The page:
Anatomy of the Nose and Throat
As we all know, the nose is the organ involved in smell and breathing. It’s more complex than it seems and is made up of several specialized parts:
- The external nasal meatus is a cartilaginous projection in the center of the face. It is the external part of the nose and comes in many sizes and shapes.
- The nostrils are two openings leading to the sinuses, divided by the septum.
- The septum is a bony and cartilaginous support structure, giving the nose its shape.
- The nasal passages are cavities connected to the nostrils that are lined with mucous membranes and tiny hairs (cilia) to filter air and trap particles.
The sinuses are four air-filled pockets near the nasal passage. They lighten the skull, aid vocal resonance, and are lined with mucous membranes to keep microbes, pollen, dust, and other invaders at bay.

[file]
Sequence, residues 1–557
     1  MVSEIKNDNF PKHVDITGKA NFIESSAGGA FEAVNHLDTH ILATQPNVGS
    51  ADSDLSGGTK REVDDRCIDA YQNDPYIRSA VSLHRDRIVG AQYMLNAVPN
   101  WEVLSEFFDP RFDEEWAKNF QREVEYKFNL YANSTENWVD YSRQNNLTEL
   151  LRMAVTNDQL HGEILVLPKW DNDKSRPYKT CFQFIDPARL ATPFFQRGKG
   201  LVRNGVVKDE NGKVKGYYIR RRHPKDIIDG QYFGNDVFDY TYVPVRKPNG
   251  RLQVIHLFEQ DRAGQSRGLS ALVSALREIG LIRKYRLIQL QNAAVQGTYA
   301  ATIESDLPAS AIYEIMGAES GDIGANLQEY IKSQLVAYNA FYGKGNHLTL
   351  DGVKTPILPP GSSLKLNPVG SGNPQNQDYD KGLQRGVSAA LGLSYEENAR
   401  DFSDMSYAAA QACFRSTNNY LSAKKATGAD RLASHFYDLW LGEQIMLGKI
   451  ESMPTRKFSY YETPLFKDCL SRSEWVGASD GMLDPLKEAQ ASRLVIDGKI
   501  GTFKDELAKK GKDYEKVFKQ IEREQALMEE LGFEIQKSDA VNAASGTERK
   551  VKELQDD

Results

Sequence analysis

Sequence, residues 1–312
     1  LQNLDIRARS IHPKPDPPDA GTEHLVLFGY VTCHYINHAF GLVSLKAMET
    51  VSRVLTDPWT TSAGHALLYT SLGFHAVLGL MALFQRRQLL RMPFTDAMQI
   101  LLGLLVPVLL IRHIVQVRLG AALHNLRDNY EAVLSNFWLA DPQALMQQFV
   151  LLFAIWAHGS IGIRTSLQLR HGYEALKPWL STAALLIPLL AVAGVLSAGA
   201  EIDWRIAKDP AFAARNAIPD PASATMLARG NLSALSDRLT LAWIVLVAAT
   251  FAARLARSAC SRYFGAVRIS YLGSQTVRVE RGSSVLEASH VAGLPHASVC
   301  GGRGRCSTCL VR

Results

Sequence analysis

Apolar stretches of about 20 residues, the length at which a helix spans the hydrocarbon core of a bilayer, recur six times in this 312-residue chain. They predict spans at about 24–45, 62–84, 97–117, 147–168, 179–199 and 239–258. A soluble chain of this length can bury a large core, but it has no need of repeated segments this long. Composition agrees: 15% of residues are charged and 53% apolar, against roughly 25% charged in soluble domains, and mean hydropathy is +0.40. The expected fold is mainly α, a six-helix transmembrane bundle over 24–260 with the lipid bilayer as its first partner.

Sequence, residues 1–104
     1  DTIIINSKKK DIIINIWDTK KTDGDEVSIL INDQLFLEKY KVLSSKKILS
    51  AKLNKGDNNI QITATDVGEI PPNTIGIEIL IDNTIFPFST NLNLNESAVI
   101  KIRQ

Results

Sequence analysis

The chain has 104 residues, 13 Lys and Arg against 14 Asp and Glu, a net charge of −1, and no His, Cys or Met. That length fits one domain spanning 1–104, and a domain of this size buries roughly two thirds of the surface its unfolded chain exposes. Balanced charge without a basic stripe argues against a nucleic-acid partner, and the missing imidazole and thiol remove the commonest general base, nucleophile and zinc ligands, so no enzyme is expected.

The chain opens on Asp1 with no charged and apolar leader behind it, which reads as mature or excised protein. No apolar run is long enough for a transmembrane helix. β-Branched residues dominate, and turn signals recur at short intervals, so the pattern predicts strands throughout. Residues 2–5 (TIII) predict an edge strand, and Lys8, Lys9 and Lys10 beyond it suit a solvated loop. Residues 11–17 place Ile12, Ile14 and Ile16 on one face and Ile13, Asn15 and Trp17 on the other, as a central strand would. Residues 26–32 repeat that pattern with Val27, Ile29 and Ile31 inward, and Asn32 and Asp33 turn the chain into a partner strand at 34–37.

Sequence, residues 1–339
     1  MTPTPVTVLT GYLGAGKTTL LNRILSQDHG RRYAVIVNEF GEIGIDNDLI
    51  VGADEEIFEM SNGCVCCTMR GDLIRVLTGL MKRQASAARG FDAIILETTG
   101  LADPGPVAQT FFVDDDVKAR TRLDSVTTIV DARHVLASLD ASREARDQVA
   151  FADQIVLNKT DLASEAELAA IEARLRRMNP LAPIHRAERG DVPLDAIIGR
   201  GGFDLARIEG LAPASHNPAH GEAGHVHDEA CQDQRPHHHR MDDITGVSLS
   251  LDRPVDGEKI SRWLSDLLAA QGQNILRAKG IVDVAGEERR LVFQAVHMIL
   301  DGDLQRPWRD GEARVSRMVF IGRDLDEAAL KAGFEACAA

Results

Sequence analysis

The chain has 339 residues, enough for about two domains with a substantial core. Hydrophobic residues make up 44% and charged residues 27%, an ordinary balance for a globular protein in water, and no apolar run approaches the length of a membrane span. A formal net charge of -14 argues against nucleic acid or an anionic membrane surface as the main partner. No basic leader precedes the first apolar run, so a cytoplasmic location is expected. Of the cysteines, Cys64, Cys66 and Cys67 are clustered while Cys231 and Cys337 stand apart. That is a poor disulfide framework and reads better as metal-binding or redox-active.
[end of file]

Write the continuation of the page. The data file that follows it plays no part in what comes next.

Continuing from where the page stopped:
- The ethmoid sinus is present at birth and continues to grow until puberty. It is located near the bridge of the nose.
- The maxillary sinus is located near the cheeks. It is also present at birth.
- The frontal sinus, located in the forehead area, does not develop until around seven years of age.
- The sphenoid sinus is the last sinus to appear. It fully develops in adolescence and is located deep in the face, behind the nose.
The throat is a muscular tube that acts as the passageway for air, food, and liquid, and is an integral part of producing speech.
- The larynx (voice box) is a cylindrical mass of cartilage, muscle, and soft tissue that contains the vocal cords.
- The vocal cords lie at the upper opening of the trachea (windpipe).
- The epiglottis is a flap of soft tissue located just above the vocal cords. It folds down over them to prevent food and irritants from entering the lungs.
- The tonsils and adenoids are lumps of lymph tissue located at the back of the nasal passage and on the sides of the mouth. They protect against viral and bacterial infections.